African Wild Canine: Assist Restore Wildlife Ecosystems
There's a new NOVA PBS special that's not to be missed that explores the vital role that predators like the African wild dog play in the health and balance of an ecosystem. This amazing film from NOVA and HHMI Tangled Bank Studios will premiere on day one PBS on Wednesday, October 14th at 9 p.m. ET / 8C on PBS.
As told by Michael C. Hall, The fear factor of nature provides exclusive access to the Gorongosa restoration project in Mozambique, and shows how this monumental effort provides an important new home for endangered wild dogs, helps restore one of Africa's great national parks, and re-illuminates the role of fear in wildlife ecosystems. It's real-time field research that could decide whether the Gorongosa ecosystem is surviving or if the spirals are spiraling out of control.
With long-term and exclusive access, this film introduces viewers to the great experiment of Gorongosa National Park, from the arrival of the wild dogs on a special charter flight to their release into the wild and their (adorable) large litter of puppies. The film explores the questions scientists have, including whether they will band together into a cohesive pack and reclaim an area that their species roamed many decades ago. Will they succumb to hidden dangers lurking in the park? And after decades of the good life without predators, will their prey be scared at all?
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Pile of African wild dog pups in Gorongosa National Park. Photo credit: Gorongosa Media / Brett Kuxhausen
The scientists also fear that the pack could leave the unfenced park and travel to the surrounding communities. This is a problem Gorongosa is already facing with elephants crossing the river to feed on nutritious crops from local farmers. The park uses innovative solutions – including surprisingly effective beehive fences – to keep the elephants at bay, but they highlight the challenges of an effort of this magnitude. They create the blueprints using ecological knowledge from other places and breaking new ground in their understanding of complicated ecosystem dynamics. "It's a living laboratory," says Princeton University ecologist Robert Pringle, "in which we can bring our science to market and try to find out the rules by which ecosystems operate."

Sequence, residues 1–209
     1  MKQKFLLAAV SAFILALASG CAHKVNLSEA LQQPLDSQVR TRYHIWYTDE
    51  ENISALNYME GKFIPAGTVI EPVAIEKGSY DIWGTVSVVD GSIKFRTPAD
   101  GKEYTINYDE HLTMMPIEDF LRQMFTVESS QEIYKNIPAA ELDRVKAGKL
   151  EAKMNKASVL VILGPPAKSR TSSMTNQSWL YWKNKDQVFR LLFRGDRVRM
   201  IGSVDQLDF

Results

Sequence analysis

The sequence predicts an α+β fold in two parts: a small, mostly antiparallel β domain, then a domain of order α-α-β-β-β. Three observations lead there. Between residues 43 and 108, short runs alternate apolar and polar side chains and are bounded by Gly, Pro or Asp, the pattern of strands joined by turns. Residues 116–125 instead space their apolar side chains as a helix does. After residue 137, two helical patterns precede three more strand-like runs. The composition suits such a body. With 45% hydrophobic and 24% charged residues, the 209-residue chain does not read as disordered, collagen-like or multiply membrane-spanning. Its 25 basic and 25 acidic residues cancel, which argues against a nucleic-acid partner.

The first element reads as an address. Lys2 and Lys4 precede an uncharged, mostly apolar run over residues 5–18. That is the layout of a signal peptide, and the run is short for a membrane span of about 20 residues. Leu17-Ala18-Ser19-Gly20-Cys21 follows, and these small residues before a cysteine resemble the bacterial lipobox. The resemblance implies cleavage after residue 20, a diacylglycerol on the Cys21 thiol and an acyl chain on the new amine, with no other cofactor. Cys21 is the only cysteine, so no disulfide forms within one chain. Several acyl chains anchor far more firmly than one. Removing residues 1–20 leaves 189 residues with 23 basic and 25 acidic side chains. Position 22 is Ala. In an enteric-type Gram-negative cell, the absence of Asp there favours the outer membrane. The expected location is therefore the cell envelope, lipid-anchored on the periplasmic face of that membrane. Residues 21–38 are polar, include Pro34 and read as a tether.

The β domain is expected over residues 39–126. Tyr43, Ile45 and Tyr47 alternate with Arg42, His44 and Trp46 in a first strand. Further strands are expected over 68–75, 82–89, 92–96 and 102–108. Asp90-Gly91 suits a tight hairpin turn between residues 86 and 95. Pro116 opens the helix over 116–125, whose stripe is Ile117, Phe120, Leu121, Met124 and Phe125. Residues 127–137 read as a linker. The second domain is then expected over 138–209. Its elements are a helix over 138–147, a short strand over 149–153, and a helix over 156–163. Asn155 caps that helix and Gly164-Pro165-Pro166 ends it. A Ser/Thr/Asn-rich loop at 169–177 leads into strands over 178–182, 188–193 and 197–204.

Check out this fascinating program, The fear factor of nature premiered Wednesday, Oct. 14 at 9 p.m. ET / 8C on PBS and will be available for online streaming and the PBS video app.
More about the African wild dog
African wild dog (Lycaon pictus), also called painted dog, or Cape houndis a member of the canine family and the largest indigenous dog in Africa. Unfortunately, this species has been listed as Endangered on the IUCN Red List since 1990. They are fascinating animals that are very social, live in packs and, unlike other carnivores, the females and not the males are sexually separated from the birth pack once mature (to protect against incest, which can destroy a species). They live in permanent packs of two to 27 adults and one-year-old pups. Like other canids, the African wild dog spits out food for its young, but this action is extended to adults too, so they are central to their social life.
The African wild dog produces more pups than any other canid. The litters contain around six to 16 pups with an average of 10, which suggests that a single female can produce enough pups to form a new pack each year.
Interestingly, African wild dog packs have high male to female ratios. This is mainly because the males usually stay in the pack while the female offspring disperse, and this is aided by a changing sex ration in successive litters. The first-born litter of bitches contains a higher proportion of males, the second litter is half-and-half, and the subsequent litters are aimed at females, with this trend increasing as the females age. As a result, the earlier litters provide stable hunters, while the higher degree of spread among the females prevents a pack from growing too large.
African wild dog hunts by silently approaching prey and then chasing them at speeds of up to 41 mph for 10 to 60 minutes. Puppies old enough to eat solid foods are a top priority in kills and will even eat before the dominant pair. child adult dogs help feed and protect the pups.